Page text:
The upcoming eclipse is a partial one, meaning only parts of the Moon will disappear in the Earth’s shadow. An eclipse occurs when the Moon, the Earth and the Sun perfectly aligned a straight line. The celestial alignment allows the Moon to pass through the Earth’s shadow, vanishing from our night skies. A partial eclipse, however, happens when only parts of the Moon dip into the shadow but the spectacle should be breathtaking nonetheless.
When is the July partial lunar eclipse?
The lunar eclipse will arrive hot on the heels of a total solar eclipse over South America on July 2.
A lunar eclipse usually follows a solar eclipse within a fortnight and next week’s event is no exception.
This means the partial eclipse will peak in the late evening hours of Tuesday, July 16.
July 16 also happens to be the 50th anniversary of the Apollo 11 rocket launch.
According to NASA’s astronomers, the eclipse will peak around 10.31pm BST (9.31pm UTC).
Will the lunar eclipse be visible over the UK next week?
After poor weather and cloudy skies obscured the mesmerising Blood Moon eclipse on January 21, UK-based astronomers are anxious for the partial eclipse.
The good news is the eclipse will be mostly visible over the British Islands.
The eclipse will be best seen next week from most of Africa, the Middle East and parts of Western India.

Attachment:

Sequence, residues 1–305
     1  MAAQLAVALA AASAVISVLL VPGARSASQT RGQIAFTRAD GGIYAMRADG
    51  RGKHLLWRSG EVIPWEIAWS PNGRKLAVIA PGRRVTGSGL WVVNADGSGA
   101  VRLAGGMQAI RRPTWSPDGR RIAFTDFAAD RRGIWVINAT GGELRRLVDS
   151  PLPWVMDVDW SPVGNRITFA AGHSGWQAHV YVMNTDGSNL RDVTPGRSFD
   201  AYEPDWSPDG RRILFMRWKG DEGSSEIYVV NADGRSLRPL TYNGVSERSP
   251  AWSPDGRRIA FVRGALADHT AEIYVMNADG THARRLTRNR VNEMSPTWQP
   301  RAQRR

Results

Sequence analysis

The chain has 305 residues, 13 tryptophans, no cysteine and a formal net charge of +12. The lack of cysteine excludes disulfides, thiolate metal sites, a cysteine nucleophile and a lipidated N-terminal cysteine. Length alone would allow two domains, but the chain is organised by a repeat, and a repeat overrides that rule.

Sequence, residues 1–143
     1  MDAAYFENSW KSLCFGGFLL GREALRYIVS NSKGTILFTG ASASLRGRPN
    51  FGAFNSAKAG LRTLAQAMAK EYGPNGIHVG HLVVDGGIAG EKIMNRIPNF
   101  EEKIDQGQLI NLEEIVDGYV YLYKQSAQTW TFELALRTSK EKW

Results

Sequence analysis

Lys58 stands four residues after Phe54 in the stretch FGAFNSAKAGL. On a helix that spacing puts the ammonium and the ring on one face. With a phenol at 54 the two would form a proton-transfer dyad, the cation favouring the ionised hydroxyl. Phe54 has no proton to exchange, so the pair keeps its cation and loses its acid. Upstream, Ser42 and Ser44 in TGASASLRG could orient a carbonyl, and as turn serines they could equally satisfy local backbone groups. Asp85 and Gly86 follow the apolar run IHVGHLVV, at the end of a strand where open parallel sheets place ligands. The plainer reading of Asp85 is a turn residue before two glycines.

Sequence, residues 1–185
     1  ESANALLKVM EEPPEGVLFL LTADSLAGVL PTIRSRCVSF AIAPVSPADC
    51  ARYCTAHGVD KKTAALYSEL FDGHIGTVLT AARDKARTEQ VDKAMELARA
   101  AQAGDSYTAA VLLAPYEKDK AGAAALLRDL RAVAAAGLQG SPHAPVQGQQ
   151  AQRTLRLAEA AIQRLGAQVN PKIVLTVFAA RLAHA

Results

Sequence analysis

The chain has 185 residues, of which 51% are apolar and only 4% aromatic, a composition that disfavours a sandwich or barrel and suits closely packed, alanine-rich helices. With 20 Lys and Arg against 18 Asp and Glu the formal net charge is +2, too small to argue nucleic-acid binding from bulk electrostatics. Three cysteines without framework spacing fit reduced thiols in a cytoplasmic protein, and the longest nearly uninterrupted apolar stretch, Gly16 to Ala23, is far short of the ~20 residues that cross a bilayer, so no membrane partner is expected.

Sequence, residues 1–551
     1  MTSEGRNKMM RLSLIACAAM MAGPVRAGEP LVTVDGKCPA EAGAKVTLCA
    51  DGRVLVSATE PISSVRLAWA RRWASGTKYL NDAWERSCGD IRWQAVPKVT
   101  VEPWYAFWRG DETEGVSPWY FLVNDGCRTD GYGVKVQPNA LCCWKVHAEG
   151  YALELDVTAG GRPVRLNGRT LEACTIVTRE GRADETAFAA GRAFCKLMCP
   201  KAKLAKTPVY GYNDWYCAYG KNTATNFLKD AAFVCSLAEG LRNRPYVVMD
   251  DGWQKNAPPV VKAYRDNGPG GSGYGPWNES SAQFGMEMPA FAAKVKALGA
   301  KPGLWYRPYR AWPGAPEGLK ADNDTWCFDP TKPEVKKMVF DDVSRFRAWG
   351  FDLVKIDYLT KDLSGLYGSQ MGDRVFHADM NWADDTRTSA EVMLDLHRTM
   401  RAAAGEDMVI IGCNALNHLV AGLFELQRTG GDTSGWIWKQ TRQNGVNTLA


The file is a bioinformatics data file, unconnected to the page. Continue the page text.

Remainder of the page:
The eclipse will also be seen from places such as Turkey, Greece, Ukraine and parts of Russia.
Here in the UK, the eclipse will not be visible until after moonrise.
Unfortunately, this means you will miss the initial penumbral and partial eclipsing.
However, once the Moon climbs up into the sky, you will be able to see the eclipse’s peak.
You can then safely watch the eclipse until ends in the wee morning hours of Wednesday, July 17.
What time will the eclipse be visible in the UK?
The eclipse will begin below the horizon but the initial penumbral stage is barely discernible from a regular Moon.
When viewed from London, penumbral eclipsing will start at 7.43pm BST (6.43pm UTC), followed by partial eclipsing at 9.01pm BST (8.01pm UTC).
The Moon will rise soon after, around 9.06pm BST (8.06pm) and maximum eclipse will peak at 10.31pm BST (9.31 UTC).
After that, the partial eclipse will end around 12.59am BST (11.59pm UTC).
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